When your hobby is your work

When your hobby is your work

Can we talk about when your hobby is your work? I’ve worked in IT, in bars, in schools as a SEN assistant, delivering papers in my teen years, as a sports coach; in short, I’ve done lots of things in the pursuit of earning a living. None were my hobby though.

But this isn’t a blog post about all the jobs that led me to be a professional photographer. This is about how you deal with doing the very thing you love as a career.

You see whilst I loved making cocktails, it wasn’t my hobby. I really enjoyed teaching swimming, but swimming isn’t the thing I love most. I’m lucky in that I get to do my hobby as a job. Photography is the thing I love most. I was a hobbyist for some time before I gave up the day job and relied on photography as my sole source of income. So what’s the problem? Well, there isn’t one as such, but when your much-loved hobby becomes your profession there leaves a gaping hole.

 

 

 

Recently, for the first time in years, I’ve become the guardian of a large, neglected garden. At first, the work needed to make the garden usable again was simply a necessity. I saw it as helping out a friend. But gradually, it dawned on me that this was the new hobby I’d been missing.

It actually doesn’t matter what it is. Maybe your non-earning hobby is cycling, maybe it’s painting, maybe it’s DIY, maybe it’s writing romance novels or joining a book club. It just needs to be something you love to do that has absolutely no chance of being linked to the hobby that earns you money. Why?

Zoning out

Taking a break from your earning-hobby is as important as focusing on it. Sometimes you need some distance from the thing you love to see it with fresh eyes; to be inspired.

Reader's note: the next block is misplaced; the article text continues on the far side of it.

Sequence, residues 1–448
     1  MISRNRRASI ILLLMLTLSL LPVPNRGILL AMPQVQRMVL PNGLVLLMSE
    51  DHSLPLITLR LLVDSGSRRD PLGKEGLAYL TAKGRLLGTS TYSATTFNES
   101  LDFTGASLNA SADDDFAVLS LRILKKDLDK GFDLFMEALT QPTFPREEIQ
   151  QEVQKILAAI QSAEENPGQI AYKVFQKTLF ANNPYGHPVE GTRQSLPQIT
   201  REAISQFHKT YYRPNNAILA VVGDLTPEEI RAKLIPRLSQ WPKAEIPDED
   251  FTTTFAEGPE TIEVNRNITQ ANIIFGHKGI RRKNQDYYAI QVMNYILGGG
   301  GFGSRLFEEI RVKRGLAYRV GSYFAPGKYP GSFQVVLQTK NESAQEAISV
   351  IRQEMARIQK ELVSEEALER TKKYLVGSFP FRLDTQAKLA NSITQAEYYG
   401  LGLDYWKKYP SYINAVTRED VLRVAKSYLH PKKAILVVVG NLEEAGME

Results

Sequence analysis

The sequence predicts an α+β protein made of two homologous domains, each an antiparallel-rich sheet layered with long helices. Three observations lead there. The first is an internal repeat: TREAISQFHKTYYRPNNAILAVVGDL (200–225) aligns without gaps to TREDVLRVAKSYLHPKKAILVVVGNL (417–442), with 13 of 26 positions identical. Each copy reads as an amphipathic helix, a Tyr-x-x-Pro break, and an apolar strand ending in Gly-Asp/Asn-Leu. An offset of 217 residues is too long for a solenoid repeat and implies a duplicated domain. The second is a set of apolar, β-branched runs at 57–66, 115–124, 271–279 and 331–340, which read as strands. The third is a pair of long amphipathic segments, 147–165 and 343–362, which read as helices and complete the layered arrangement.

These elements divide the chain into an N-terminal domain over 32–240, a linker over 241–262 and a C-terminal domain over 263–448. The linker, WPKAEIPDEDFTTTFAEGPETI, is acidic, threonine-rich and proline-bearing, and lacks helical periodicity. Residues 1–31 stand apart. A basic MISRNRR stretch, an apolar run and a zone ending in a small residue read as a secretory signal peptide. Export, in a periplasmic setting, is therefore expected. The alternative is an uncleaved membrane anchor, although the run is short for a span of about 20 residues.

Physical hard work

A non-earning hobby that makes your muscles ache at the end of the day, especially when you earning-hobby is more cerebral provides a balance that’s often missing in modern life. There’s great satisfaction in feeling utterly exhausted at the end of the day.

 

Learning

Obviously, there’s always more to learn about the way I pay the bills. Photography is ever changing given its reliance on technology. But learning something new is challenging and provides a positive form of stress. (There’s even a name for this: Eustress). And if you get others involved you find yourself peer learning in a way you might not have experienced since school. For those of us who work alone often, this is a welcome change.

 

 

Stress relieving

Doing something just for the joy of it, especially a flow task, is a stress reliever. Add in that gardening gets you outside, soaking up vitamin D and when you’re focusing on how to remove moss from a lawn you feel the stresses of everyday life fade away.

Satisfaction

As a commercial photographer, you often take the images according to a brief and then, once edited, you send them on their way. It’s rare to see a project through from conception to seeing it in a magazine, for example. A non-earning hobby is an excellent way to own a project and enjoy the satisfaction to be gained from seeing a project through from start to finish.

 

 

 

 

Because you can’t carry on doing the same thing as a hobby. Well, you can, but it can lead to (apologies for the hipster phrasing) ‘fatigue’. If the way you earn money is also the main way you relax your leisure time becomes blurred and one dimensional. You can still enjoy the thing you do as a career as a hobby, but you need something else.

Convinced? If you’re stuck on ideas for hobbies have a think back to your childhood and the activities you did that provoked sheer joy and happiness. I won’t tell anyone if making Play Doh snakes or mud pies becomes your down time…

Posted on: May 26, 2017